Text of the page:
the theme of this year's ride was public art installations, but we only stopped to rest in a few places, riding for much of the time. the route took a large figure-eight pattern through the entirety of cambridge, beginning from harvard square, to historical brattle street, fresh pond, davis square, porter square, central square, cambridgeport, kendall/MIT, and finally the galleria mall just across the charles river from boston for a total of approximately 12 miles.
the first rest stop was at the water treatment plant at fresh pond. everyone went inside to check out the place (and to witness firsthand why cambridge was the only greater boston town that had drinking water during that boil water alert beginning of the month). the next stop was an unscheduled one at danehy park, to allow time for everyone to catch up. there were kids playing little league and soccer, and what looked to be birthday parties and picnics at the few park tables.
from danehy we took a "secret" underground bike path beneath the train tracks to davis square. at porter square we rode by close to where i live. i decided to go for an action photo taken from the bike itself. i only had the camera to my face for a split second to snap a few shots but that was enough time to set in motion what happened next: almost getting thrown off the bike.
what i'd forgotten about a wide angle lens is objects in the viewfinder are much closer than what they appear. very much closer. by the time i lowered the camera, i realized i was moments about from crashing into the bikes in front of me. i slammed on the brakes and the back of the bike (heavy with milk crate and bike lock) swung around, nearly whipping me off my ride. a acrobatic miracle saved me from landing on the ground. even though i was still standing, i did painfully tangle my legs into the bike frame. the pain was secondary though, since i was mortified for falling off my bike like a total newbie.
people behind me kept on asking if i was okay. i waved them off with a smile to assure them i was fine. the bike seemed okay, but i couldn't pedal forward anymore. soon the convoy was gone and i was left behind. since i was so close to home anyway, i decided if i couldn't get my bike to work, i'd just call it a day. to my surprise, one of the bikers (bruce) stayed behind to see if i was okay. he appeared to be some sort of bike mechanic because he knew right away what the problem was: my rear wheel had fallen off the frame slightly. he had a pocket wrench and fixed my problem instantly. he called his girlfriend (katherine), who's actually a CBC officer, and got the location of the group. we pedaled to catch up with her (she was waiting for us a few blocks away) and then the 3 of us biked down to dana park in cambridgeport where the group was taking another short break.
turns out biker bruce wasn't actually the "staff" mechanic; i had a chat with the real mechanic (mike) who said my bike seemed okay and lubed my chain for me. he said i could use a overall tuneup because my crankshafts were a little bit loose; i didn't tell him it was probably my doing when i took apart my bike during the winter.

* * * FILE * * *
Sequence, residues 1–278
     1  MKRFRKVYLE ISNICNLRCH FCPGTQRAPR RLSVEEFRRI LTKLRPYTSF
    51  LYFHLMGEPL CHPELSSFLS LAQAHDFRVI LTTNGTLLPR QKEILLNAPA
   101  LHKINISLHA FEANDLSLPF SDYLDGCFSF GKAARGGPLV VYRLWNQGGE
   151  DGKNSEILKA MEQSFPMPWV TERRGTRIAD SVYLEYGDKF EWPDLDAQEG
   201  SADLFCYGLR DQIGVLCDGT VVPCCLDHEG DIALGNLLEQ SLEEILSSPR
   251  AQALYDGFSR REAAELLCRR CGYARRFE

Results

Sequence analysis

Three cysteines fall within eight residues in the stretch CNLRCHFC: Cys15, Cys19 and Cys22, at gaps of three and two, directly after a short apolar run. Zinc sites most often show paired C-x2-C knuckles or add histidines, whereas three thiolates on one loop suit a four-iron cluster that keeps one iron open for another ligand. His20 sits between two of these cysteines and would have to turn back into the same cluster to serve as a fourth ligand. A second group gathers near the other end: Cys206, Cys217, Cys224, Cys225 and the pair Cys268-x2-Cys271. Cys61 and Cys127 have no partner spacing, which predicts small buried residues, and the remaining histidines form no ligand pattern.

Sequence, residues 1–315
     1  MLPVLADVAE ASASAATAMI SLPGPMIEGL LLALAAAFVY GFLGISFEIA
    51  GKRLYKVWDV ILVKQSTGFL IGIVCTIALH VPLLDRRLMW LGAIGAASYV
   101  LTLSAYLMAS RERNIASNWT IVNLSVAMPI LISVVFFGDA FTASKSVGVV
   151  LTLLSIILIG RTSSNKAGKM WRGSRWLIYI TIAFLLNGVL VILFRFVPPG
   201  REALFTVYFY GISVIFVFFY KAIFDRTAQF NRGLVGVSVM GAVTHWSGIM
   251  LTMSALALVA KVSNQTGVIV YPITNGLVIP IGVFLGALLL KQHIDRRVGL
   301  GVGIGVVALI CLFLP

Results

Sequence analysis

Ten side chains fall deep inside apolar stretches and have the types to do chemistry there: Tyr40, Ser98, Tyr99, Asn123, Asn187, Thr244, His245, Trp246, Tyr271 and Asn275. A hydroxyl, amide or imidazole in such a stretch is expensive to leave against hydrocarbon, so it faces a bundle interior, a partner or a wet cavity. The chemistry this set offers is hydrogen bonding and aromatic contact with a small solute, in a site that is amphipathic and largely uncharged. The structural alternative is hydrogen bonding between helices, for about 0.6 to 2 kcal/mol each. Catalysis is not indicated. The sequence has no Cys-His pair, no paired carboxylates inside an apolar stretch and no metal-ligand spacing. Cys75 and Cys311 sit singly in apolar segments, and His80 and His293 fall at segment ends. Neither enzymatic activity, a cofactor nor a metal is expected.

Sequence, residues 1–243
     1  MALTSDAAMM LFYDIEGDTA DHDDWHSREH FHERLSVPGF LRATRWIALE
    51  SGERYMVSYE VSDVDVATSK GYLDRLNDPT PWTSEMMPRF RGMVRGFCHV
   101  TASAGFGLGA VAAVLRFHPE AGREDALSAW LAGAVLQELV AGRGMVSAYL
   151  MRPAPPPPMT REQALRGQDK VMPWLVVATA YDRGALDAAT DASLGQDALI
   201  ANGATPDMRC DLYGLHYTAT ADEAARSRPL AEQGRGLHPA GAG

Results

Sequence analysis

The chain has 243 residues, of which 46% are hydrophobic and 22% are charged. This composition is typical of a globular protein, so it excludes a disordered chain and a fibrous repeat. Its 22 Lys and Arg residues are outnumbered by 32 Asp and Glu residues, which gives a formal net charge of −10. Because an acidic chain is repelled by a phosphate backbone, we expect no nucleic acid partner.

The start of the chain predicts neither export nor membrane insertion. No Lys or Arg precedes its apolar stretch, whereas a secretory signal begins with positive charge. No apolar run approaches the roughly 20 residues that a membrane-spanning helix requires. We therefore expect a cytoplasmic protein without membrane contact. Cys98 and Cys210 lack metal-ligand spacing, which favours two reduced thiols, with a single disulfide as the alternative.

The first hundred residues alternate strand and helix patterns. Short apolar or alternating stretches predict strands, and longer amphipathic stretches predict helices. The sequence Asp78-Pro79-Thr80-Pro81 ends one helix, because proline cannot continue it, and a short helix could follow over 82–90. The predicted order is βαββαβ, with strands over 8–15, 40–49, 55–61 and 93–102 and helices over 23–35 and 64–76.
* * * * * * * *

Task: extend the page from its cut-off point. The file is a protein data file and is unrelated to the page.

from that point on no more unnecessary riding risks. i was glad i didn't have to give up the ride, as we headed up vassar street, passing a bunch of MIT buildings, taking the charles river bike path (including a stretch of boardwalk), and finally arriving at the back of the galleria mall to the lechmere canal park. here we picked up free water bottles compliments of the galleria along with watering stations. there was also supposed to be cookies, but the delivery van couldn't find the park, so the organizer told them to wait for us back at cambridge common. i sat near some bike cops who were sharing stories. one of them tried out a recumbent bike and took it for a spin. i wanted to ask them how they felt about the other kind of bike cops, the ones on motorcycles, but didn't get the chance.
the final part of the ride was the best part: up to this point we had police bicycle escorts who stopped traffic for us at busy intersections. this last stretch, the convoy biked a straightaway down cambridge street with a police cruiser escort clearing the road for us. i've never been in a parade process before, but this must be what it felt like. people were waving at us, and cars honked their horns in support when we rode by.
when we finally got to cambridge common, i grabbed my cookie and returned home. i'm glad i participated in the ride. opened my eyes to some new routes and learned some secret areas of cambridge. not sure if it'd be as fun without the police escort, but some of the devoted bike trails are free of cars so are safe to ride anytime. those are better than the bike lanes that share the road with street traffic; not only are you danger of getting clipped by cars passing on your left, but you never know when a door will suddenly pop open from the right. cities like cambridge (and boston) just weren't "designed" for biking. retrofitting the local landscape with more bike lanes is a noble goal, but in my opinion, it seems to further crowd the streets.